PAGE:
En Passant Rule

The ďen passantĒ rule in chess is an advanced official rule of chess. To beginners it seems to be a very odd rule because you move your pawn to one square, but this means that you capture a pawn on a different square! Arenít you supposed to capture pieces by moving your piece to their square? Not for en passant!

What is en passant? Well, the term ďen passantĒ is French for ďin passingĒ and itís called that because it involves capturing an enemy pawn as its passing your pawn.

The way that en passant pawn captures work is:

  • Your opponentís pawn has just moved 2 squares forwards (itís initial 2-square jump move).
  • Your opponentís pawn has just gone past your pawn, and is now sitting right next to your pawn.
  • You pretend that your opponentís pawn has actually only moved 1-square forwards, and then you capture the imaginary enemy pawn with your pawn on the square where the enemy pawn would have been if it had moved 1-squares only.
  • Your pawn is now actually sitting behind the enemy pawn. It has moved 1-square diagonally onto a square that is actually empty now (but wasnít empty in your imagination).
  • Then you remove the enemy pawn (from the square where it actually is), because you captured it in your imagination as it was passing through the square where you could have captured it.

Make sense? No, not really! Itís a very odd rule. But itís a real rule. En passant is an official rule of chess.

Why does the en passant rule exist? Well, thatís a quite advanced question. It is a rule that is required to maintain the integrity of pawn structures and positional pawn play in chess. What this rule does is prevent pawns from jumping past each other by taking advantage of the 2-move starting move. It also makes sure that ďholesĒ in chess positions and ďbackward pawnsĒ actually stay consistent across all the ranks.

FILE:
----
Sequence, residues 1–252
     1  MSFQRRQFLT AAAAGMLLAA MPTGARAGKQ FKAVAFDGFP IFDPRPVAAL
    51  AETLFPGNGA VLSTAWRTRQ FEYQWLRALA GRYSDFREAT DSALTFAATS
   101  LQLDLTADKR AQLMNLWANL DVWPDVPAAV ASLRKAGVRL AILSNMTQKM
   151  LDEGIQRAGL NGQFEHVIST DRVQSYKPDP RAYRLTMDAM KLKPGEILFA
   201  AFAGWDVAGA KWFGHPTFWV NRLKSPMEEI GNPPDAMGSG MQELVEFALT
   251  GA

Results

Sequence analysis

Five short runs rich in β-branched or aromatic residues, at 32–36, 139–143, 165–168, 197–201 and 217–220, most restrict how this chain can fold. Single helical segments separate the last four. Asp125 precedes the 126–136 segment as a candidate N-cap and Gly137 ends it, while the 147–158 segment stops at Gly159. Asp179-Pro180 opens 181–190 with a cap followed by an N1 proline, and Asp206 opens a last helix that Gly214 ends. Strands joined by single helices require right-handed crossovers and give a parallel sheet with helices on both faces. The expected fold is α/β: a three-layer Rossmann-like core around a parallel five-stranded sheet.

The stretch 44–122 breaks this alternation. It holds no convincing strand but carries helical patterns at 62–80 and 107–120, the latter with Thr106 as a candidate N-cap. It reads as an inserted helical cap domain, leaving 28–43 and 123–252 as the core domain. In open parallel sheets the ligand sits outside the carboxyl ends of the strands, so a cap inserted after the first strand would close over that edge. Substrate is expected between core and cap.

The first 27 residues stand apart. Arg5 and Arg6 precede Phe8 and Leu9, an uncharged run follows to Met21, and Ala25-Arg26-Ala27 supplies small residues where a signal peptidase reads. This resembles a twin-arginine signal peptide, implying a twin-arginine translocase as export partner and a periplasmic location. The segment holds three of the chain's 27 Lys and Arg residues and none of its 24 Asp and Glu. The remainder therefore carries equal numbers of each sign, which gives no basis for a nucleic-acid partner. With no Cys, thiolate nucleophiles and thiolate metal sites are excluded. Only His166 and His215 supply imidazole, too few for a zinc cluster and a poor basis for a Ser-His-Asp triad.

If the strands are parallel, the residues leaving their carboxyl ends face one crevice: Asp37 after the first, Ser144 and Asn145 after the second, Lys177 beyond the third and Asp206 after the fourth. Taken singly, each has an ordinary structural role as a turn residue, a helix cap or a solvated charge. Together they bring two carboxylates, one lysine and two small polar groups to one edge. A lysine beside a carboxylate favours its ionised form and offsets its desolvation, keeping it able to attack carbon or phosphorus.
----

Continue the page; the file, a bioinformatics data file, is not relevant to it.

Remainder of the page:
Thereís some more restrictions on en passant moves:

  • Pawns only: You can only capture a pawn. And it must be your pawn that does the capture.
  • Multiple Times Allowed: in theory, en passant can occur multiple times in a game, once for each pawn. Every time a pawn does a 2-square starter move, it could be captured en passant.
  • Only if the 2-move starter move: You cannot en passant capture a pawn if it only moved one square to get passed you. (You should have taken it last move!)
  • Your Pawn on the 5th rank: since the enemy pawn must have just done itís 2-square move (up to its 4th rank), and must now be next to your pawn, then your pawn must be on your 5th rank (assuming your home rank is the 1st rank, even if you are playing Black).
  • Immediate move only: You only have one move to do en passant. You canít make some other move, and then do the en passant next move. It must be immediately after the enemy pawn did itís 2-move starter move.
  • General Move Rules: the other general rules of chess moves still apply. You canít do this if check would result. And you canít en passant take your own pawns.

Did you get all that? Beginners take some time to get used to this rule. But you are legally allowed to play it in most tournaments, even beginner or junior tournaments. But it might give your opponent a bit of a surprise if they donít know the rule, and if you try to explain about imaginary pawns, they might think youíre making it up!